Investigators say an extreme loss of braking power on a rain-soaked runway caused a cargo plane chartered by the Pentagon to slide into a Florida river two years ago.
The National Transportation Safety Board said the pilots of the Miami Air International plane landed too fast and waited too long to deploy speed-reducing panels as the Boeing 737 touched down at Jacksonville Naval Air Station on May 3, 2019.
Investigators said that even without the pilot mistakes, the plane would not have been able to stop on the ungrooved runway because of the sheer amount of standing water. They said in a report released Wednesday that Miami Air failed to give pilots adequate guidance to evaluate braking conditions on wet runways.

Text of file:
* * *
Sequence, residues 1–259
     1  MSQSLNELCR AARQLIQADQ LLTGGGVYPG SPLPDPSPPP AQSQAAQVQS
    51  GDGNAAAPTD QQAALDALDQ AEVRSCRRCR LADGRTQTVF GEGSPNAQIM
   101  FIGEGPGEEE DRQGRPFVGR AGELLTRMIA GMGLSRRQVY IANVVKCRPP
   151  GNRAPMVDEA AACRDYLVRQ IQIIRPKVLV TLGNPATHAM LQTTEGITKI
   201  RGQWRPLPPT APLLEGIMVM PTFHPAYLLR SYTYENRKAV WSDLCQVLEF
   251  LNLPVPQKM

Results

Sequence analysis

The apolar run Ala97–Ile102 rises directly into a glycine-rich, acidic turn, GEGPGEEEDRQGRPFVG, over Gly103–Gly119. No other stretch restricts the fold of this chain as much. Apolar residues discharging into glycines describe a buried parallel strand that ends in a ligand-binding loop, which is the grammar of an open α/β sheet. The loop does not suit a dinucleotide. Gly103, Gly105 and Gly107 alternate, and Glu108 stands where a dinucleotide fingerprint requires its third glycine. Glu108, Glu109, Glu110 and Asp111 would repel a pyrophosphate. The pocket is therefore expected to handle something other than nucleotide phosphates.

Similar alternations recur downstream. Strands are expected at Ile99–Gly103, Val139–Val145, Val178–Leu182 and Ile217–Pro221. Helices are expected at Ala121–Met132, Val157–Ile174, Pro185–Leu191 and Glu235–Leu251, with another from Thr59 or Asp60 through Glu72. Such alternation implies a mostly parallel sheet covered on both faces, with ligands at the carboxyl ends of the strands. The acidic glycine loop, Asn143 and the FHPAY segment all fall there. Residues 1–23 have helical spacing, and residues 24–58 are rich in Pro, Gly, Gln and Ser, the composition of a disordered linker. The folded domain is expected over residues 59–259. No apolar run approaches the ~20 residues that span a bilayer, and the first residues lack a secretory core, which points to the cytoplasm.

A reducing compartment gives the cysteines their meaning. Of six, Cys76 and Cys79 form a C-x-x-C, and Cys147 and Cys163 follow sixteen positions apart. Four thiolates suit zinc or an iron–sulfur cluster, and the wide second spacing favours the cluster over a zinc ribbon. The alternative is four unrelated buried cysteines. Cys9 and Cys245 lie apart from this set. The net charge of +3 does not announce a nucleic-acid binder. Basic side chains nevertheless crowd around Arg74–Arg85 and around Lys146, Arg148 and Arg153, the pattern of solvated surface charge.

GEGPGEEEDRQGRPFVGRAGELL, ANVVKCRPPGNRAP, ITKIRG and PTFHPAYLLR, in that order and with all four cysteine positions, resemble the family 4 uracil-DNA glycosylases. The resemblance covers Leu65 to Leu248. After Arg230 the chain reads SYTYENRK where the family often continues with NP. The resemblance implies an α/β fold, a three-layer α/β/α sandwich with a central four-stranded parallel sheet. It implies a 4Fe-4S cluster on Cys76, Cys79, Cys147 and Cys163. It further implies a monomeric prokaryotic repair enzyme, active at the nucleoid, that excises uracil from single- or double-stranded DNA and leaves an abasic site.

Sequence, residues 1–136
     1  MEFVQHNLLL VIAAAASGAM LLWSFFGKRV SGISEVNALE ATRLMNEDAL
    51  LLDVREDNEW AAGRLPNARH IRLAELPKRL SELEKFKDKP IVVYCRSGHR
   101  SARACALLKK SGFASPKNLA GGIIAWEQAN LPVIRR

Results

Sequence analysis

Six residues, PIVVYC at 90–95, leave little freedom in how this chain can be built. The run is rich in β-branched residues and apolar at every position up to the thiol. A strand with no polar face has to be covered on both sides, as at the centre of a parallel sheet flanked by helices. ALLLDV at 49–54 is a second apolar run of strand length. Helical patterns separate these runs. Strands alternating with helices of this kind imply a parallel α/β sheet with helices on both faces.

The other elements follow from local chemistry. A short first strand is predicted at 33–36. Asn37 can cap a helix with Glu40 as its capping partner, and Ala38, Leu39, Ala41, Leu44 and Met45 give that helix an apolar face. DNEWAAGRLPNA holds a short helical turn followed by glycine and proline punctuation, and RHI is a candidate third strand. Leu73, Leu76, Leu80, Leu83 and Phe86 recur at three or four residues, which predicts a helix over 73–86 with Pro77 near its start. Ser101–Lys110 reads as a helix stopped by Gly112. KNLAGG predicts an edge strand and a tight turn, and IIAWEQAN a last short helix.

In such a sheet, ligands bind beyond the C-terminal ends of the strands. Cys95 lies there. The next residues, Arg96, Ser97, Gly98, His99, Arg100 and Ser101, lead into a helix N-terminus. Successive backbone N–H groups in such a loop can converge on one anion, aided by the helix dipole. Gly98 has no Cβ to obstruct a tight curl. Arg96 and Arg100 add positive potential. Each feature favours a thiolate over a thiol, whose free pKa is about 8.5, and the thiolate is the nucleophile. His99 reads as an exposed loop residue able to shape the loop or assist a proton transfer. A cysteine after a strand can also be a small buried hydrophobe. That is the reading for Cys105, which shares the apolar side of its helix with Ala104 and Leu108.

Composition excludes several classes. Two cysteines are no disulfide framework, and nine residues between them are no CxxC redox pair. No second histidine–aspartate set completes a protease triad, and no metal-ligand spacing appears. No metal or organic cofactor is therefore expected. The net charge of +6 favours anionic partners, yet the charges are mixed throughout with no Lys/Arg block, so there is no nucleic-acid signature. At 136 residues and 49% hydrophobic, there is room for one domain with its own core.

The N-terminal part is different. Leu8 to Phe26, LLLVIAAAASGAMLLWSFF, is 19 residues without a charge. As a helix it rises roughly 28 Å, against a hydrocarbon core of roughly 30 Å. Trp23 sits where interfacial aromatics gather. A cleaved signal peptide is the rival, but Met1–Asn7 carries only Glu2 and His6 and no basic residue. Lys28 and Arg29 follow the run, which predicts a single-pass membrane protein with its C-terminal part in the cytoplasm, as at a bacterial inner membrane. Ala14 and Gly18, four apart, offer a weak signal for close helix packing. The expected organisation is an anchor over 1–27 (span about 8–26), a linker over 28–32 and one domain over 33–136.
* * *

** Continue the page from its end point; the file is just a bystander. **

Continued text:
The jet hydroplaned off the runway and wound up in shallow water of the St. Johns River. None of the 143 passengers and crew were seriously hurt, but several pets in the cargo hold died.
The plane was carrying Defense Department personnel from Guantanamo Bay, Cuba.
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